• Studied MTQQ defined in OSASIS Standard MTQQ v3.1.1 MTQQ-SN for Sensor Networks and CoAP / RFC7252. MQTT @ Wikipedia and of course CoAP @ Wikipedia. Without forgetting security and encryption DTLS. I liked all the details in the documents, yet of course as expected most parts of the documentation was totally obvious and expected. Yet another protocol, where cookies, session handling, pings, and keep-alive are implemented. Pub-sub, QoS definitions. All the standard stuff. Topic names. Maybe most interesting part was the QoS levels stuff, yet it's also exactly what you would assume. CoAP Message ID usage is standard, with duplicate detection. Basic exponential back-off, with slight randomization and limited number of re-transmissions. Optional response caching and freshness model with proxy support. Get, Post, Put, Delete.
  • Protocol is quite complex, but I guess that's just to make it as simple as possible for end applications. It's always a good trade-off question, if protocol should be simple, and apps using it complex, or the other way around. Make the protocol stack complex, and make it really easy for developers to work with it.
  • Finally very nice summary article: MQTT and CoAP, IoT Protocols
  • OpenBazaar 1.0 used rUDP for it's data transport
  • Got again frustrated by the fact that exFAT in Linux doesn't support sparse files. Full allocation of files filled with zeros takes lot of time, as well as consumes SSD / Flash write cycles for nothing.
  • Configured a few Linux servers to use 6in4, for full IPv6 connectivity with local relay. I think every computer should have IPv6 connectivity, if that's missing, something is inherently broken. It's good to remind your self about networking stuff every now and then. If you're not doing too often networking configurations on Linux and iptables, etc, adding routing and stuff. It can be quite tedious to get stuff configured right and exactly as you want it to be. In Finland we've also still got Teredo gateway, in case you're stuck with networks which do not allow IPv6 encapsulation.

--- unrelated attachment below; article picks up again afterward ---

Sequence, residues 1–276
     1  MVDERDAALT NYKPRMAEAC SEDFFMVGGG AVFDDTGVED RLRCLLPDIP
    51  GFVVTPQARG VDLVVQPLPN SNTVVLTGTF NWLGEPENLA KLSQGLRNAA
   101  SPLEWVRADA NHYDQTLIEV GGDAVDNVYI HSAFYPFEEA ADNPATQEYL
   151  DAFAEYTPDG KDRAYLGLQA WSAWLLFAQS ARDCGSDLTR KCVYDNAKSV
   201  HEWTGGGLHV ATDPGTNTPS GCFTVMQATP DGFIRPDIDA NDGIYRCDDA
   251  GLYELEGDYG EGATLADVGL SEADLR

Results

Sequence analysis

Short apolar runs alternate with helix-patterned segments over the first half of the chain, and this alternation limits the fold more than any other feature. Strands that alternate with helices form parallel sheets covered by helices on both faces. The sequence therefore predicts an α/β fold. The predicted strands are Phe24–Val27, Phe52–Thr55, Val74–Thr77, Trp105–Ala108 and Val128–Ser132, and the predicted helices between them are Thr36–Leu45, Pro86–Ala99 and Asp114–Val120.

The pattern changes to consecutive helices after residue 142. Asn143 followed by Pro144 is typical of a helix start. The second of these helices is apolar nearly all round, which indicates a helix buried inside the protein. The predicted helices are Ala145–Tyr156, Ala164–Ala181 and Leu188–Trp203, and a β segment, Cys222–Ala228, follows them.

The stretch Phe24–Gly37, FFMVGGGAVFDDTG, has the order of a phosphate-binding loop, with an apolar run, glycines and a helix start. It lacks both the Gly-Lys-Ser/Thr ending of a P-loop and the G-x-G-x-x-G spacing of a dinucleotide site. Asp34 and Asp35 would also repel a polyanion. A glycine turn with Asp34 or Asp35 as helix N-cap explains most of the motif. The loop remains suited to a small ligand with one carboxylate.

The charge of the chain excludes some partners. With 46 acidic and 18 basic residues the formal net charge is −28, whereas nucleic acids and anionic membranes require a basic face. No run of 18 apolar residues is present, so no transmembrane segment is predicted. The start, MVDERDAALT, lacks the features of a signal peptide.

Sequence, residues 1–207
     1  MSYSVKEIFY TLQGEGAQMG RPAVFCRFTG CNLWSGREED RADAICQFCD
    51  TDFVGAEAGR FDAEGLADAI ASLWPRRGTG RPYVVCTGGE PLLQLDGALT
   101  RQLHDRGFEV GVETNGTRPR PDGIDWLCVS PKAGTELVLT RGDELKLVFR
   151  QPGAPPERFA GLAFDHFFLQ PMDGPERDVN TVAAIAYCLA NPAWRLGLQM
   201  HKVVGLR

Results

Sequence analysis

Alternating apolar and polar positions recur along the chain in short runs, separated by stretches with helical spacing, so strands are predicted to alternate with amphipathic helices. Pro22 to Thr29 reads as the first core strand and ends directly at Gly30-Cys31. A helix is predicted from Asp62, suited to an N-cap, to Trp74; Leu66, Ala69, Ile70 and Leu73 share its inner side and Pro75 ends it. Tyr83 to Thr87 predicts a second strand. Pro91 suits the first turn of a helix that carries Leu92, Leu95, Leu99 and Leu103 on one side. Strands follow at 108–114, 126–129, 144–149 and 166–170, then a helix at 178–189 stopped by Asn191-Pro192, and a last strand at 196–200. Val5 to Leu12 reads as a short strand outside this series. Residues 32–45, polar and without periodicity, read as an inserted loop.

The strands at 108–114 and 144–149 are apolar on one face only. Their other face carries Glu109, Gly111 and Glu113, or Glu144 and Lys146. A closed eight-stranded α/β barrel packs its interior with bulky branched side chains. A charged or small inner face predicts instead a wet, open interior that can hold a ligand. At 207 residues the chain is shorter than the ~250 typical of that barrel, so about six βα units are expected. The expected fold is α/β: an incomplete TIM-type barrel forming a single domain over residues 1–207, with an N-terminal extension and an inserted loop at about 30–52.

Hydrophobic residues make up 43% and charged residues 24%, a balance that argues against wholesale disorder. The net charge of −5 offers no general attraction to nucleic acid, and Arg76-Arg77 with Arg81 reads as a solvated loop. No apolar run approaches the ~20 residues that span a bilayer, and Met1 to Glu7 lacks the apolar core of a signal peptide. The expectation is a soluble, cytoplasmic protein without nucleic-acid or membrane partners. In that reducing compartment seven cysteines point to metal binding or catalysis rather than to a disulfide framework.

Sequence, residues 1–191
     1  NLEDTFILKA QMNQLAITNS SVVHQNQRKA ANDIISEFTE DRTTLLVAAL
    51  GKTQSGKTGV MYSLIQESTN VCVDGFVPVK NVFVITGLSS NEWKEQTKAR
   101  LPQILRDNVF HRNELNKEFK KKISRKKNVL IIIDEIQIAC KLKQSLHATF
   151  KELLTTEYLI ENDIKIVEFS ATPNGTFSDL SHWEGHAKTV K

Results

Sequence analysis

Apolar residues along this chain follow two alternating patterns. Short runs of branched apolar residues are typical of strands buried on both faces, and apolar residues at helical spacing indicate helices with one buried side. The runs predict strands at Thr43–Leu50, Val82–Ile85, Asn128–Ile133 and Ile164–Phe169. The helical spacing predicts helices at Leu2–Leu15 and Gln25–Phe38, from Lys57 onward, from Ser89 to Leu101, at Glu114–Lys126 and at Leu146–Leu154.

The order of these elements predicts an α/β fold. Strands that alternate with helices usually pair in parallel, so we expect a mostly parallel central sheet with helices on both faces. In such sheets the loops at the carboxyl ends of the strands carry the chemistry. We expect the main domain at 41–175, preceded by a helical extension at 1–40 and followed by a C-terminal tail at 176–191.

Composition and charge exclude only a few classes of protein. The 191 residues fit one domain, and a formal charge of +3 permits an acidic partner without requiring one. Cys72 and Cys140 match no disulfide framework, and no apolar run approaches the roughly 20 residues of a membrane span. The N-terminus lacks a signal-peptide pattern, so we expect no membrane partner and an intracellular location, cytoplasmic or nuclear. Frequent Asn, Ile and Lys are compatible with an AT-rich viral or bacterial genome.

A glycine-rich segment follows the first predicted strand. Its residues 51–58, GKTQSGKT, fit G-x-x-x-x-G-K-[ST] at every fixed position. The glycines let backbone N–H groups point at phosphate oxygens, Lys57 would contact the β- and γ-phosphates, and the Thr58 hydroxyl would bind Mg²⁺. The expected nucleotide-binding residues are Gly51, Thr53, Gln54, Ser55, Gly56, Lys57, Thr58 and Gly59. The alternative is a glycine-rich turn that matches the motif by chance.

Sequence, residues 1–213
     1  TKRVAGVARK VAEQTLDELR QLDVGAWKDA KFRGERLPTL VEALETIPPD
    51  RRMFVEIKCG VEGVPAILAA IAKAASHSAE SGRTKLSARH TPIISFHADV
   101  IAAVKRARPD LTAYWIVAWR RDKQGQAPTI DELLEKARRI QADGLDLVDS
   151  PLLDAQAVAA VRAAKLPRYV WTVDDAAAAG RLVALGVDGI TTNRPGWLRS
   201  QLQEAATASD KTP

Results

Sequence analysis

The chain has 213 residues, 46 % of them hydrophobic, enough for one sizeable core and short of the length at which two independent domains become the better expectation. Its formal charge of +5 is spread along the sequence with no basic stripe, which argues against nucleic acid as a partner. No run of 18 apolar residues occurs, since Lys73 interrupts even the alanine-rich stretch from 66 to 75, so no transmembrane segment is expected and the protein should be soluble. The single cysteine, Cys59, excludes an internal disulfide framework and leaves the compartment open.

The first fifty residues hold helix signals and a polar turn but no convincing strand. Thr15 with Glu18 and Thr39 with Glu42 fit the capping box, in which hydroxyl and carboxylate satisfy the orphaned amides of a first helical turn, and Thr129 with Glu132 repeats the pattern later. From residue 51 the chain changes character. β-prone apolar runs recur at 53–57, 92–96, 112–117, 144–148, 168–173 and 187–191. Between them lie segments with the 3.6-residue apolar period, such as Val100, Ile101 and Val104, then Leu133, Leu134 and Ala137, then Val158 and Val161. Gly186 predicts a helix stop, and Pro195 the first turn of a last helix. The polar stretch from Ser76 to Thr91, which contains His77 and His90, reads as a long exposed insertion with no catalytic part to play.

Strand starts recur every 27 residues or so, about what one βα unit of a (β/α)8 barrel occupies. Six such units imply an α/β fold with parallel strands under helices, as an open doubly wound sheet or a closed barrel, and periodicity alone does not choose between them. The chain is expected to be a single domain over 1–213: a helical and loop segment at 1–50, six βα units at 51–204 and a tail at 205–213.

• Ultra Defrag has been somehow always kind of bad. Now it felt really bad. I had to use Auslogics Defrag, which is bit questionable, if it's malware or not? Anyway, it defragged exFAT drives very nicely. Even if fragmentation wouldn't be a problem when reading stuff, when writing stuff, fragmented free space can still make write speeds absolutely ridiculously slow. Yet the question remains, if it was a good idea to use 4K clusters? Maybe it was, because with that specific drive, I've got tens of thousands of small files. It would be totally different story, if the drive would just have a few dozens of large files. Generally if individual file (write9 access isn't required, it's better idea to compress bunch of small files into one large archive. Programis like 7-zip with solid compresion, will do that very efficiently.
  • Extents vs Tail Packing. Extents are a way to more efficiently handle large numbers of small clusters. And tail packing is a solution where "sub block" sized data, is stored in single block from multiple files. Basically both are just improving 'disk utilization' and reducing wasted space in 'empty cluster / block ends', but using very different approach.
  • Checked out most resent articles about Hypersonic Glide Vehicles (HGV). These will make weapons more accurate and way harder to defend against.
  • About KISS design. Everyone should have learned from Roman Empire, that complexity got it's cost. If you can keep thing simpler, those are cheaper to operate and maintain.
  • Does anyone know why Cisco and many other VPN clients require connecting twice before the connection becomes functional? Me and many others have noticed this behavior and wondered about it. But nobody seems to know why.